Monday 10 November 2014

The great system thinking battle that is to come

PictureIt is peculiar the way most of the organisations we deal with now want to prolong the agony by asking us to rate the ‘experience’ of dealing with them.

This does betray, I suppose, a kind of interest in what we think, but there is also something profoundly irritating about it – especially if it involves formal ratings. It is very rare to get this from organisations which actually provide good customer service – questions, yes (like the NHS Friends and Family Test), but ratings, never.

A friend of mine was telling me last week about a particularly irritating encounter at Santander, where they then tried to sell an insurance package in the branch and then asked them how they would rate the encounter on a scale of one to five.

If that wasn’t irritating enough, the bank counter staff then said: “It would help us if you could make it a 5.”

This led eventually to a long conversation with the manager where it transpired that they didn’t understand why everyone gave them a 4. Had they ever thought about what a 5 in customer service might look like? Apparently not, apart from their ability to perform by the rule book.

And somehow, that experience sums up the full debilitating power of the targets regime rolled out with such enthusiasm across public services during the Blair and Brown years. Because it hoovers up the available energy, imagination and flair of the organisation to make the figures look good. It transforms the customers into merely the means by which a good rating can be won.

I remember a fly-on-the-wall documentary about airport security recently where the staff focused all their attention, not on spotting potential terrorists, but on spotting the fake terrorists sent to test their attentiveness by their managers – a slightly different skill.

Imagine that same shift of resources across every public service and every service organisation, and the waste and perversity that results will be absolutely vast.  Unfortunately, it is vast.

Now it just so happens that the scourge of targets in public services, the system thinker John Seddon, has a new book out this week where he turns his attention to what governments should do instead of targets.

Seddon has the most coherent critique and probably the most practical alternative. He is so enjoyably rude to his opponents, the conversations with whom he repeats throughout his new book, The Whitehall Effect, that his old newsletters were required reading in local government.

In places like Camden, they have begun to roll out Seddon style systems thinking, and with great effect. But the debate has hardly been joined – because Whitehall is well-insulated against such a fundamental critique.

He describes his first encounter with local government in the book, when Swale District Council called him in because the back office system they had been told by the DWP to put in place for housing benefits seemed to be increasing the backlog – as we now know they do.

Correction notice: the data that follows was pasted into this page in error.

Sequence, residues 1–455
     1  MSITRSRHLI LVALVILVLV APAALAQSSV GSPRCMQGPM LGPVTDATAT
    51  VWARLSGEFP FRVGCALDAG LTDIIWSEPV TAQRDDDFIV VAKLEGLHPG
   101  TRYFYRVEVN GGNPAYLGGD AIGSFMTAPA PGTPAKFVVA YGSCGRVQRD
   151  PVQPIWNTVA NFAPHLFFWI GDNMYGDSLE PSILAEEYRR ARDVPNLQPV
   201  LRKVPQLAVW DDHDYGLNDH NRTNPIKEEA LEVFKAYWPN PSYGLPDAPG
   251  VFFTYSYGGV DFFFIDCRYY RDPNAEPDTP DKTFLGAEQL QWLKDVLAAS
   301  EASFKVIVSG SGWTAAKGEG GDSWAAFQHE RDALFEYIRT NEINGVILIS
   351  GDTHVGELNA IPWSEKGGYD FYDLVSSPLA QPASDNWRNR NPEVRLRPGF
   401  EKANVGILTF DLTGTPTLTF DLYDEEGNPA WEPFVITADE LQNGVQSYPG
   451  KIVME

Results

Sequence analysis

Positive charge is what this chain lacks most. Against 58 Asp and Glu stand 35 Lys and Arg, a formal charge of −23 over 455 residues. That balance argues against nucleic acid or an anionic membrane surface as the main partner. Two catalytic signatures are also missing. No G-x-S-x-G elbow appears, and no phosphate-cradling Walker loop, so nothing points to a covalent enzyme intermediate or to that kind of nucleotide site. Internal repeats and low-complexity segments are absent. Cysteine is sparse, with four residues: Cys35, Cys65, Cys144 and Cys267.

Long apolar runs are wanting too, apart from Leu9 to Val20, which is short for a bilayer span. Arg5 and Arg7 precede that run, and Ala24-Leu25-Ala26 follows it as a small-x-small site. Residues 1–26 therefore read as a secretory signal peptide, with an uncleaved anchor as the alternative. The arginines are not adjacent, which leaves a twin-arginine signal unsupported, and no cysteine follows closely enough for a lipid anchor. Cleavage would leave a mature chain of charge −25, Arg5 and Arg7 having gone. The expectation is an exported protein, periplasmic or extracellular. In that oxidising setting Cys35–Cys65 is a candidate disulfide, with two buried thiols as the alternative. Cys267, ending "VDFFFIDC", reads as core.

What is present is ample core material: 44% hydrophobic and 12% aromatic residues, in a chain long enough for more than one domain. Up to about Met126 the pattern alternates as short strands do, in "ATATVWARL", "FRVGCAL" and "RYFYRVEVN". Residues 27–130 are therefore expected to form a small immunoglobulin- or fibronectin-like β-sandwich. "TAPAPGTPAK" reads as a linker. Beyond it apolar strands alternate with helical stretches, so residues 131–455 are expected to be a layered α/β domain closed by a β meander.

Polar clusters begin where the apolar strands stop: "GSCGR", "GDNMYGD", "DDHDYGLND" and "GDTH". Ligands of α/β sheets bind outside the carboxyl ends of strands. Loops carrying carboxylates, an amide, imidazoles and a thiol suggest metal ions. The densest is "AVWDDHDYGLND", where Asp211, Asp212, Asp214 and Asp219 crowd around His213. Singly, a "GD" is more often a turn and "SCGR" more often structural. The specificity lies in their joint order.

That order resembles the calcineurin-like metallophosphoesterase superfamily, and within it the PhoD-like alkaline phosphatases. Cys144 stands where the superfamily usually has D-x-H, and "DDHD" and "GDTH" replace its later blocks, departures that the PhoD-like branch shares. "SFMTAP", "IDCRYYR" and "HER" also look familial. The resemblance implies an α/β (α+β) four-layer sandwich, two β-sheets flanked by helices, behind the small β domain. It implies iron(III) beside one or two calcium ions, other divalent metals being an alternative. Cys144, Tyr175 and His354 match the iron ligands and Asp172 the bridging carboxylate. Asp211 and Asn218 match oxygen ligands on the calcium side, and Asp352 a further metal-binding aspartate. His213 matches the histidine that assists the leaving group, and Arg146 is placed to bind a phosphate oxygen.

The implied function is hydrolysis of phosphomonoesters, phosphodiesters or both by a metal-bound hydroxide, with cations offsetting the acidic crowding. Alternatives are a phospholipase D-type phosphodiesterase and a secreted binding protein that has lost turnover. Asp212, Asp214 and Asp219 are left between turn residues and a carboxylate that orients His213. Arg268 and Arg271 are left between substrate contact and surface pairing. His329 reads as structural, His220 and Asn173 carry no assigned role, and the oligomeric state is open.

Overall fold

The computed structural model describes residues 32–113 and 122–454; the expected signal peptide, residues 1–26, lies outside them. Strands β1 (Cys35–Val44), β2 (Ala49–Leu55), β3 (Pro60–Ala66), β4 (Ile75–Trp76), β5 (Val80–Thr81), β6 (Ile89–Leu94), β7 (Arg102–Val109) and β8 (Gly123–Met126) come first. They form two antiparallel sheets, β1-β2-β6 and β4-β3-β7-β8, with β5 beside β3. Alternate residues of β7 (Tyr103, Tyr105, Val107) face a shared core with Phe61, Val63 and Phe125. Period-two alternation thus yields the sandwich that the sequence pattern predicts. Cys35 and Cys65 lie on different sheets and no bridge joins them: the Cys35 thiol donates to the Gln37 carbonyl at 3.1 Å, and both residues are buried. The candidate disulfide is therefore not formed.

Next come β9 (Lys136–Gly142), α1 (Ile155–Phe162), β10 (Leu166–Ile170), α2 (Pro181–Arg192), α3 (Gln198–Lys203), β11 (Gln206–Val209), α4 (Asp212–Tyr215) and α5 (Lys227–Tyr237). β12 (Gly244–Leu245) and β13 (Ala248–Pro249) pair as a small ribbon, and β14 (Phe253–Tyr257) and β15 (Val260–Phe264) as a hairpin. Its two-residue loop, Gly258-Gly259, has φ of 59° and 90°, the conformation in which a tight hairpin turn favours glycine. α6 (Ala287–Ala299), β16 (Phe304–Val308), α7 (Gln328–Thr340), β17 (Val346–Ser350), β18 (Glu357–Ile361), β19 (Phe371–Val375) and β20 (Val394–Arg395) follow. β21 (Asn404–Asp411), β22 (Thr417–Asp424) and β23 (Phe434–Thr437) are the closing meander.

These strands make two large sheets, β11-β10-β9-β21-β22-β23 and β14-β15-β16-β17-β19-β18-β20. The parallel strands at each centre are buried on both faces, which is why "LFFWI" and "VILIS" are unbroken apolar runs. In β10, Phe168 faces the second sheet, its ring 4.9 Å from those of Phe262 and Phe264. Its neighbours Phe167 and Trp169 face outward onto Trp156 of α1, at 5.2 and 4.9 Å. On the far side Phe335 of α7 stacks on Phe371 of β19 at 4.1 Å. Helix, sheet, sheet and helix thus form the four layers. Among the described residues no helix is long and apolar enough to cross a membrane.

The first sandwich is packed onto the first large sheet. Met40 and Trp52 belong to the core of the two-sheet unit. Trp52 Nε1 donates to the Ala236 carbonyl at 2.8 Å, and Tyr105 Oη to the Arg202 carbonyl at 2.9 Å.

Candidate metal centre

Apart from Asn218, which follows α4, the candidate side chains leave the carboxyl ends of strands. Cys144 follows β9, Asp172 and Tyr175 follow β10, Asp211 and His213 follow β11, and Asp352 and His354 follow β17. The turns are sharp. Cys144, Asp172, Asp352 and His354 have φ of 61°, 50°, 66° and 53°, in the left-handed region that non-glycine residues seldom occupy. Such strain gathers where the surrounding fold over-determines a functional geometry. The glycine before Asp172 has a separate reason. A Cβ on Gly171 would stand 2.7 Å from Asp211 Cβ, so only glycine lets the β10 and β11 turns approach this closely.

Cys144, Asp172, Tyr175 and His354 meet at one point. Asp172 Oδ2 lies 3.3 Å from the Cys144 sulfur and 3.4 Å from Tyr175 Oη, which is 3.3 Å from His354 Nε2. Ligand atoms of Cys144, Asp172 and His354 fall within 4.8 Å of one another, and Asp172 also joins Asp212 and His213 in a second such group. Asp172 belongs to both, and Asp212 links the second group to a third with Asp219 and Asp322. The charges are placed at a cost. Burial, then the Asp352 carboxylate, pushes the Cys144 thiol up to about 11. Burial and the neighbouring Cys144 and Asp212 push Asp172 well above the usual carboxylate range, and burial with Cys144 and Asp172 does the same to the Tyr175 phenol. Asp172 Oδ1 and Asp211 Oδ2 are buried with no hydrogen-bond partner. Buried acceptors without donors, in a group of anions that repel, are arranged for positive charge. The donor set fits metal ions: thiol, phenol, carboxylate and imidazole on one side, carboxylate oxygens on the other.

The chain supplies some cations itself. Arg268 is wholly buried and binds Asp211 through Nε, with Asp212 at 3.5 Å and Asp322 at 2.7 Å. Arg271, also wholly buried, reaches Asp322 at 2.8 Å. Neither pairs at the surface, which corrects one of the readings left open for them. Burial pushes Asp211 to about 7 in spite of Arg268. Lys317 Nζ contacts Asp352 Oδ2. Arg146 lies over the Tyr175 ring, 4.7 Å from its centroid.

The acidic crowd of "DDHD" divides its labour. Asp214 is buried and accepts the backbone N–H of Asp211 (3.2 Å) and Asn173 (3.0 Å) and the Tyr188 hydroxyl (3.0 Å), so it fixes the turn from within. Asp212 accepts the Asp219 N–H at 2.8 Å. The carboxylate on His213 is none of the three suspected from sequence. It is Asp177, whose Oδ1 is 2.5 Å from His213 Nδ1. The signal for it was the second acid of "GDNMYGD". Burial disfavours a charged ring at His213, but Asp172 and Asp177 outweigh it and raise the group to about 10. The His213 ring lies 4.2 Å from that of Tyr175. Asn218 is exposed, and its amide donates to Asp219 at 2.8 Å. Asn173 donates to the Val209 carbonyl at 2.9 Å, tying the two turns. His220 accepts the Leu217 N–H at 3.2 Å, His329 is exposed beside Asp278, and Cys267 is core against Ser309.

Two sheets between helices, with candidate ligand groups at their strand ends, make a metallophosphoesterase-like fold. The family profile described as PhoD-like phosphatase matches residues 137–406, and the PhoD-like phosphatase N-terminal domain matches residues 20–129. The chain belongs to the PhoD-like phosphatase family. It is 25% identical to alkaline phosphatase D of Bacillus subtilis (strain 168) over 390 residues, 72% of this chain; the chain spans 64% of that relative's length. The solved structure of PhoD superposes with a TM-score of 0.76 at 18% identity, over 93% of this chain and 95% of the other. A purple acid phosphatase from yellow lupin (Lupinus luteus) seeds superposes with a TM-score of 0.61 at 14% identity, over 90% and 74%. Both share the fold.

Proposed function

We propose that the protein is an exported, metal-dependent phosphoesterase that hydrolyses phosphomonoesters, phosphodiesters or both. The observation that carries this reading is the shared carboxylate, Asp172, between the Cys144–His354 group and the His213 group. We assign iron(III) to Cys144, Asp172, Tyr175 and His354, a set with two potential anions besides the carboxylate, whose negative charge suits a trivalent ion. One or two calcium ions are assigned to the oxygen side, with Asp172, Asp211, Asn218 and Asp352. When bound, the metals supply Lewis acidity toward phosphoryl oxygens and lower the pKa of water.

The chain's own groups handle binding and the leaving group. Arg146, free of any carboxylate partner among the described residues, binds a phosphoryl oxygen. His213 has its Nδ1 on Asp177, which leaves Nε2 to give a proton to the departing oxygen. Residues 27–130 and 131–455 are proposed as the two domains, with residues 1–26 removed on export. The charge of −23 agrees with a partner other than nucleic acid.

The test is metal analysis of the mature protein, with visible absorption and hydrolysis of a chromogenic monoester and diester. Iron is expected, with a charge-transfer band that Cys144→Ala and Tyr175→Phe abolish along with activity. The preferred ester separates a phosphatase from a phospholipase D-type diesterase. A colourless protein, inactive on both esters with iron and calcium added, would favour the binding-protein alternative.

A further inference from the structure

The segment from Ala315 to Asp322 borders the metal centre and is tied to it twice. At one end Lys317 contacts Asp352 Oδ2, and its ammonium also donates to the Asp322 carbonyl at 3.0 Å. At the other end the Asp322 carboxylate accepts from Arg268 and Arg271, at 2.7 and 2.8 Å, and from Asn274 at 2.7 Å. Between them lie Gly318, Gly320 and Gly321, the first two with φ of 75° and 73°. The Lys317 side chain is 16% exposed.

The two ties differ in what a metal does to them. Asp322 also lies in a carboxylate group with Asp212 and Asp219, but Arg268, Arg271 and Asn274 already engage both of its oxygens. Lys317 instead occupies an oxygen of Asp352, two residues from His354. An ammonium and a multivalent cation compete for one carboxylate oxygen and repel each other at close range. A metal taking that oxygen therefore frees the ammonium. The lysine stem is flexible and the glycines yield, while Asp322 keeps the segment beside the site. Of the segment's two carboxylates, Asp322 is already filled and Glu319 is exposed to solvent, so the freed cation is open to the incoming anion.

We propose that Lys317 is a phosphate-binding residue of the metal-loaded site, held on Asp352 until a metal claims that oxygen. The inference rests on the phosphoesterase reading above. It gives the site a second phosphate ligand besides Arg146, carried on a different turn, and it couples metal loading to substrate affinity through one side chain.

Seddon seems to have nailed the basic problem: imperial systems, like those built by public services during the Blair/Brown years – and especially inappropriate IT systems – can’t absorb the kind of human variety they tend to get. This enormously boosts costs.

Now, Seddon’s book has been long-awaited by people like me, who agree with most of what he says, because we were hoping for an answer to the great accountability conundrum – which is this.

Without some kind of numerical measures, how are politicians going to hold services to account? And if they don’t use numerical targets, will these not just be imposed on them by the media?

Seddon’s answer is this; politicians should set the intentions of services and let managers find the best way to achieve them. This is what he says:

“Making leaders responsible for choices about measures and methods returns validity to inspection. Instead of inspecting for errors as laid down in checklists, inspectors will pose just one question: What are the methods and measures being used t achieve the purpose of the service?, and then check their validity.”

This is exactly right. But in practice, it seems to me to be only the beginning of a practical answer, because numerical systems of control are now so powerful and centralisation, driven by IT, is so intense..

I’m not saying that the solution is wrong. Quite the reverse: I think Seddon is urgently right. And The Whitehall Effect is an important book. But this remains an argument in progress and I’m not sure we have a definitive answer yet.

I’m hoping this book will force the big service managers to engage with the argument in a way they have failed to do so far – and admit that the waters around them have grown. The times they are a-changing.

But we need their involvement if we are not going to escape from one numerical cul-de-sac, only to find we have had another one imposed upon us.

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